Turning next to FIG. 2, which illustrates a multi-cell environment. In this environment, the OFDM transmission method is applied in each cell and the same frequency band is allocated to each cell. Further, a terminal located in the central cell is interfered by neighboring cells. In FIG. 2, the six cells in contact with the central cell are called a first ring of cells, and the twelve cells surrounding the first ring is called a second ring of cells. Thus, in this example, a terminal operating in the central cell is interfered by the six cells of the first ring and the twelve cells of the second ring.

Further, the interference caused by first ring of cells is larger than the interference caused by the second ring of cells, because a strength of propagation is reduced the farther away a cell is from the central cell. The following expression defines the propagation strength:

P RX P TX d n ( 1 )
where PTX and PRX indicate a transmission power and reception power, respectively, and ‘d’ is a distance between a transmitter and a receiver. The value of ‘n’ differs depending on a channel model, and is usually n=3 or 4.

Thus, with reference to the above equation, the power transmitted from a cell changes based on distance between the transmitter and receiver. Assuming the transmission power of every cell is uniform as P, ‘n’=4 and a distance between centers of cells is ‘d’, the strength of interference coming from the cells of the first ring can be expressed by the following equation:

P ring 1 P d 4 ( 2 )

Further, the strength of interference coming from the cells of the second ring can be expressed as follows:

P ring 2 P ( 2 d ) 4 = 1 16 P d 4 = 1 16 P ring 1 ( 3 )

Note that with reference to equations (2) and (3), the interference from the second ring of cells is 1/16 of the interference from the first ring of cells. Thus, the first ring of cells produces the greatest amount of inter-cell interference.

The above example only considers the distance between the transmitter and receiver, and does not consider a long-term fading effect such as a log-normal fading effect or a short term fading effect such as Rayleigh or Rician effect, which occurs in an actual mobile communication environment. However, even if the fading effect is considered, the same result exists (i.e., the first ring of cells produce the greatest interference to the central cell). Thus, in this example, the interference cause by the second ring of cells is considered to be negligible. Note that FIG. 3 illustrates the multi-cell environment when only the interference cause by the first ring of cells is considered.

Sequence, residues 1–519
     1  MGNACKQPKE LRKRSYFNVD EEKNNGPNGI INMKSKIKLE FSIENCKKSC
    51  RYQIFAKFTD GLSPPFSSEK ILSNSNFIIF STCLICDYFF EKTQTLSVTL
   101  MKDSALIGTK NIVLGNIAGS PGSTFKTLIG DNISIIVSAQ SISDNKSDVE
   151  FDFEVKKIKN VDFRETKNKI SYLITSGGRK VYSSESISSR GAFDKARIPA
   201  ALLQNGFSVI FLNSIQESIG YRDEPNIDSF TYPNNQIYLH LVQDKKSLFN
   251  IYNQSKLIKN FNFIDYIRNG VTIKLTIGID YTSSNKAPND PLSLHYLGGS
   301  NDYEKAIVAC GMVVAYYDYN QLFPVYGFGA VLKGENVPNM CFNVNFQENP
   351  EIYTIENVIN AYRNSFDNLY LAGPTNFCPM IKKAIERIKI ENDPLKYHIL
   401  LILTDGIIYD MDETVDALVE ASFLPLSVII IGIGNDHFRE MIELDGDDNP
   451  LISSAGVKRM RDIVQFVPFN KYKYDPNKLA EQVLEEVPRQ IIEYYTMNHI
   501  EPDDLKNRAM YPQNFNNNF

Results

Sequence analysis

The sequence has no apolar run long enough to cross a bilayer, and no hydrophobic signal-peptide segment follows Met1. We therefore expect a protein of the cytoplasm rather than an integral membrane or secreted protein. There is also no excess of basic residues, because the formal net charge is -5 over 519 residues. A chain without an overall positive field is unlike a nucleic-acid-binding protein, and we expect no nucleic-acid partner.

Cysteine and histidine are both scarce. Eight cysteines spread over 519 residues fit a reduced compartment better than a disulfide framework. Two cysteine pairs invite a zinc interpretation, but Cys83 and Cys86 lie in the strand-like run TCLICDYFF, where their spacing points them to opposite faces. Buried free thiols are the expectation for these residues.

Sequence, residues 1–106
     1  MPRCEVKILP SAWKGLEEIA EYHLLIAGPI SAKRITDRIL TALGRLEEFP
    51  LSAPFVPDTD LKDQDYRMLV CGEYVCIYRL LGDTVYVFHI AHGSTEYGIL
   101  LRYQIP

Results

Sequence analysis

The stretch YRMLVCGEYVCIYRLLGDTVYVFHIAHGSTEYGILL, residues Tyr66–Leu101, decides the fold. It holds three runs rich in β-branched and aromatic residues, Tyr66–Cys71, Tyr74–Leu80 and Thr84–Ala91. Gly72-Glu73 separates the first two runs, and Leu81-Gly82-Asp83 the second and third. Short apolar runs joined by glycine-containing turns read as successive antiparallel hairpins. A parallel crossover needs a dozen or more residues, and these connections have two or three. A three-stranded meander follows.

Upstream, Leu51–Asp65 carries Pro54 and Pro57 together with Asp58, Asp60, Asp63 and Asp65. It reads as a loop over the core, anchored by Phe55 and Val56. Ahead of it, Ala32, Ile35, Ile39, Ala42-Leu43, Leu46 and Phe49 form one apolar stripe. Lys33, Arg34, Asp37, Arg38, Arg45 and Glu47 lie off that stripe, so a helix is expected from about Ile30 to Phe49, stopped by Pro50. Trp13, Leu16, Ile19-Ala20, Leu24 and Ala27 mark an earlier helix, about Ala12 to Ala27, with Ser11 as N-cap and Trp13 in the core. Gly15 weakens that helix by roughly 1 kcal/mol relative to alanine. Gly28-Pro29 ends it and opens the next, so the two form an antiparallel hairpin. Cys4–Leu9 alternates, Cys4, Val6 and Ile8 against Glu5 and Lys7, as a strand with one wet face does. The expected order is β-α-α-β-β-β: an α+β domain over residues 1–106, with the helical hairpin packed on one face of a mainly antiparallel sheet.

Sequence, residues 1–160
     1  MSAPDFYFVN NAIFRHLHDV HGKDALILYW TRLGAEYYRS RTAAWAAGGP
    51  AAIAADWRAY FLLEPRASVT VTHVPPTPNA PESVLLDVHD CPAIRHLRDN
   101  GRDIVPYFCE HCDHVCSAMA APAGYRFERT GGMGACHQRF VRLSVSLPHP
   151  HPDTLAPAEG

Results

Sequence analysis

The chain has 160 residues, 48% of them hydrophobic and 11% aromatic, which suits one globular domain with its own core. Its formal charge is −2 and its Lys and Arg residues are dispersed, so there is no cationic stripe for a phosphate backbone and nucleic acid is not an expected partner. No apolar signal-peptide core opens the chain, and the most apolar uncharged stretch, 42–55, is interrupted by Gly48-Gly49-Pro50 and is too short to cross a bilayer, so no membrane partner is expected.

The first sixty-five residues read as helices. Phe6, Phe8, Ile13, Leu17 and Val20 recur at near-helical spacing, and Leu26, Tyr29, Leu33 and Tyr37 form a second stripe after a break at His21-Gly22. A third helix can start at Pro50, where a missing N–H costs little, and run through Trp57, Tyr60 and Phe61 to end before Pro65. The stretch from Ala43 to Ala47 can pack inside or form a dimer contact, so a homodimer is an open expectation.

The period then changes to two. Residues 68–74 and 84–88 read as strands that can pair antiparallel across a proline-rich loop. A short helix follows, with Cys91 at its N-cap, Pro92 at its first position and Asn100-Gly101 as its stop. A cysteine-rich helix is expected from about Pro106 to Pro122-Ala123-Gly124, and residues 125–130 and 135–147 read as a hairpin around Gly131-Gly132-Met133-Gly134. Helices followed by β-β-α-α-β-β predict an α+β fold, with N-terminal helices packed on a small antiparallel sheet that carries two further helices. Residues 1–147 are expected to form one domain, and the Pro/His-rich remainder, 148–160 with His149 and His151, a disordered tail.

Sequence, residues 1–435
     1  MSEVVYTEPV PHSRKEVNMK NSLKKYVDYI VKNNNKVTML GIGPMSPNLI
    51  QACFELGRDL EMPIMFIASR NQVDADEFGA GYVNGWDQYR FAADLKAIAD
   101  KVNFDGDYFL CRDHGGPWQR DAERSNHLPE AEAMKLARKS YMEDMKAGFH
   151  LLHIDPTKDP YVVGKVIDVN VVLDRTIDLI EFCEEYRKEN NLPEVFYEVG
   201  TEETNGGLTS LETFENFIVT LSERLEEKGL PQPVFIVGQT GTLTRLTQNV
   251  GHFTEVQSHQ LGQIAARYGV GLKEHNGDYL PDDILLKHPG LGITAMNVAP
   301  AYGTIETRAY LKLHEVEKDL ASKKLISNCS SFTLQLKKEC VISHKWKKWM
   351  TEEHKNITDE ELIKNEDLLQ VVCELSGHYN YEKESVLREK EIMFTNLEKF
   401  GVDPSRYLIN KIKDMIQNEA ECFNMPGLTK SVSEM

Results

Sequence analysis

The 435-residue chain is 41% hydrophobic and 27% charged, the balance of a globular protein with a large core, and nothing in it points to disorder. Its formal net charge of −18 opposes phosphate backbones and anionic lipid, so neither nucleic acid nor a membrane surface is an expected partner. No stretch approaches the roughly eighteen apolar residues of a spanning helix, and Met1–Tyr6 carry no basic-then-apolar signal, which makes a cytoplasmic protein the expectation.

Further, the cell structure shown in FIGS. 2 and 3 assume an omni-directional antenna is used. However, in other cell arrangements, directional antennas are used. When directional antennas are used, each cell is divided into sectors. Directional antennas include, for example, a 120 directional antenna and a 60 directional antenna. FIGS. 4( a)-(c) illustrates the different cell structures for the omni-directional antenna, a 120 directional antenna and a 60 directional antenna, respectively. As shown, the omni-directional antenna produce one sector, the 120 directional antenna produces three sectors and the 60 directional antenna produces six sectors.

Further, assuming the sectors do not interfere with each other, each sector in one cell can use a single frequency band. Thus, the frequency can be more effectively used. For example, the frequency efficiency is increased three times when using the 120 directional antenna producing three sectors and six times when using the 60 directional antenna producing six sectors.

However, sectors in another cell interfere with sectors of a target cell, as shown in FIG. 5, for example (FIG. 5 illustrates the concept of three sectors for a 120 directional antenna). The arrows in FIG. 5 depict centers of the transmission direction of the directional antennas. Further, as shown in FIG. 5, the target sector is assumed to be the lower right lower sector of the central cell and is shaded with checks, and the six sectors in other adjacent cells interfering with the target sector are shaded with slant lines.

Further, the interference at the cell boundary region is problematic, because the transmission power is inversely proportional to the distance as noted above in equation (1). Thus, the reception power (signal strength) from a target cell is very low at the cell boundary region, and therefore a signal at the boundary is easily affected with even with a small amount of interference.

Thus, as shown in FIG. 5, for the right lower sector of the central (target) cell, the two sectors nearest to the boundary region of the target sector cause the largest amount of interference to the target sector. FIG. 6 illustrates this concept as well. Similarly, FIGS. 7 and 8 illustrate the interference effect for a target cell when a 60 directional antenna is used.